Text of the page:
“You’re sneaky,” I replied.
“What?” She looked confused.
“Never mind. Who are you?”
She shifted her bow. “And why should I tell you that?”
“Because I have an arrow pointed at you.”
“So do I.”
“It is not!”
“Yes, it is.”
She shook her head. “Just tell me where I can find the town of Renaissance, and I’ll put down my bow.”
“Really. Well, since you had to force me upon pain of death to get me to say, the town’s further down this trail.”
She nodded. “Thank you.” A pause. “Why were you running from it?”
“You heard me? Why didn’t you say ‘come out, come out, wherever you are’, then?”
“Because that would be stupid. Broman,” she called, and her horse emerged from the trees.
“A fine animal,” I said, looking Broman over.
“You say that like you don’t mean it.”
I shrugged. “Horses can’t compare to riding the imbrangilae.”
“You’ve never heard of them?”
“They can’t be rode.”
“Yes, they can. I’ve done it.” And my father thinks I’m a fat, stinking liar because I told him so.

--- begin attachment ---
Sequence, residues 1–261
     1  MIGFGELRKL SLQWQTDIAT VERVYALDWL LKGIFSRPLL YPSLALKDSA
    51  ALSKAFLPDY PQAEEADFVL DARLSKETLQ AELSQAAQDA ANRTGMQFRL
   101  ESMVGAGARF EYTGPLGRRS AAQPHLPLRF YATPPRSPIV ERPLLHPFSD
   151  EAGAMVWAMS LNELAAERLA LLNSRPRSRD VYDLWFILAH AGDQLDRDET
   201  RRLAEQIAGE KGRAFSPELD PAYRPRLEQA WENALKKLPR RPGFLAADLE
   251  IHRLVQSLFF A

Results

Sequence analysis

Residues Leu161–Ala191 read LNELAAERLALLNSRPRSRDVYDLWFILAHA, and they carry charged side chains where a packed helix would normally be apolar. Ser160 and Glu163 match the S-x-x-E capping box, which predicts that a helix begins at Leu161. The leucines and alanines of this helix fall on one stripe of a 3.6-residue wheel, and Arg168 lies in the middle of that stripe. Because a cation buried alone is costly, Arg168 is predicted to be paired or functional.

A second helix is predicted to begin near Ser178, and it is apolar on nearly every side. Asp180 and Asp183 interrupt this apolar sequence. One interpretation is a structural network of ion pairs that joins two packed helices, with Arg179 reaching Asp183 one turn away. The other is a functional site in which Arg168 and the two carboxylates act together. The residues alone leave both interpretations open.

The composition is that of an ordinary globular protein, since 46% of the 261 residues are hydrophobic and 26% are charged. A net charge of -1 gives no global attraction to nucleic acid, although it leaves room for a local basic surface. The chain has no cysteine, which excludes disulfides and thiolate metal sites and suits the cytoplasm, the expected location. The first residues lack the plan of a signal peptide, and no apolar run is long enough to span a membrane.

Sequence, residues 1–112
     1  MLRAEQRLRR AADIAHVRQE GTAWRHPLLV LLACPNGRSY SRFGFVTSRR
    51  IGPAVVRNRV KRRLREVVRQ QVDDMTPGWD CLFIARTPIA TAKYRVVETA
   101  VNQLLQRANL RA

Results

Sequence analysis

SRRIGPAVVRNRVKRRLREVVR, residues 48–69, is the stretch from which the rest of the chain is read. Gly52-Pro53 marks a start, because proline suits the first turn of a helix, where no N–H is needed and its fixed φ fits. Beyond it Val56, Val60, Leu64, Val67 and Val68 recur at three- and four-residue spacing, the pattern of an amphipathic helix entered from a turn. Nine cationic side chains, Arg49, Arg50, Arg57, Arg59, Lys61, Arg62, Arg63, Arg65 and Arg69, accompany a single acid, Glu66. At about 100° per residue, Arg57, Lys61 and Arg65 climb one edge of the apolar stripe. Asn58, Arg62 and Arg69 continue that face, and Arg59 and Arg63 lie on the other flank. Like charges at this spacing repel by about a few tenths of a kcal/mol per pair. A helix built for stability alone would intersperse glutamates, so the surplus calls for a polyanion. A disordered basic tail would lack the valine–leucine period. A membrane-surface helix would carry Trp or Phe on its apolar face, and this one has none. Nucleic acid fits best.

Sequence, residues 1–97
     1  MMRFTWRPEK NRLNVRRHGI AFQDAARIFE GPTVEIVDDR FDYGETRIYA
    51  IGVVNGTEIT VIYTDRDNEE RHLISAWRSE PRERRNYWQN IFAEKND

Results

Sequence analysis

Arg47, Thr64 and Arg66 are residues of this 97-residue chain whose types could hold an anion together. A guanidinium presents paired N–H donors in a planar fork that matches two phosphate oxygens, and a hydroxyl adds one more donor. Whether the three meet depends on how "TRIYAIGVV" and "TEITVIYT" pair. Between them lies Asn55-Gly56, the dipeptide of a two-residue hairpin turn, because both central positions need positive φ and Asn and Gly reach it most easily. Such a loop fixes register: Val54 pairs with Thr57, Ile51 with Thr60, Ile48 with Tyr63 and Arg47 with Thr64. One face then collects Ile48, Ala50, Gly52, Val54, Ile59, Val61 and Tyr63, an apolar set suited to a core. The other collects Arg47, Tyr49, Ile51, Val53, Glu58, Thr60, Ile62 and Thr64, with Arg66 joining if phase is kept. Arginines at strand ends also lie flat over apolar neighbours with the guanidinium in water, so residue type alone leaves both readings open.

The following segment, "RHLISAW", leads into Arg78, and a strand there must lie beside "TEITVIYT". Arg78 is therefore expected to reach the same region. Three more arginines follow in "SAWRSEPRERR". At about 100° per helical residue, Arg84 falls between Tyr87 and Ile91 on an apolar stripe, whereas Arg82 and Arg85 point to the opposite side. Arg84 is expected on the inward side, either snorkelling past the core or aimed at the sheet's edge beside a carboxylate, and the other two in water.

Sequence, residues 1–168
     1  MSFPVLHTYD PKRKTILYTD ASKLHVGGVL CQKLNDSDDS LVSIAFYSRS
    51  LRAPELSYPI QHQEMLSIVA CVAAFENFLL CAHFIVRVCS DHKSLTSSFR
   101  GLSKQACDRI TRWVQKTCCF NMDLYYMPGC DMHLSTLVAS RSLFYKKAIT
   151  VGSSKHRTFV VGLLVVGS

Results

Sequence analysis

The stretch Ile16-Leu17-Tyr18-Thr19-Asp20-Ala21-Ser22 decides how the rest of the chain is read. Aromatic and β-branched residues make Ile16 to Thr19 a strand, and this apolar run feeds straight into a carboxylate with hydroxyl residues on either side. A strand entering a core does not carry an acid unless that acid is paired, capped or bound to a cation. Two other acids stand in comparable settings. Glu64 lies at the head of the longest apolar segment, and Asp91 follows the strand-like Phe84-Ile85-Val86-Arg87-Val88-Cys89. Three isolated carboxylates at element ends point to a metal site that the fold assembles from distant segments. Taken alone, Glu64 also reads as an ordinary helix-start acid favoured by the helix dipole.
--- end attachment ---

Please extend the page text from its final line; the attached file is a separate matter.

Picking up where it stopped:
“Do you know who the leader of this town is?”
“There’s no leader. There’s just a council of old fogies.”
She snorted. Then, as if in some kind of accord, we put down our bows.
“I need to speak with these fogies.”
“Why do you need to speak with them?” I didn’t add my father was one of them.
“Because there’s an army coming.”
I stared at her.
“Yes. Down the Villein.”
I cursed. An army was coming down the Villein—just the road I had avoided on scouting missions for the past three months.
From Alejandra Digiovanni's perspective:
I expected him to ask how many soldiers there were.
But instead he looked behind me.
“Yes?” I shifted, impatient to get to Renaissance.
“Hope you don’t mind imbrangilae. Because one’s flying toward us.”
I whirled and spotted the descending black form.
“Oh no,” I whispered.
I ran down the path, toward the boy—who just stood as the rhythmic beat of wings grew deafening.
“Get out of the way!” I shouted.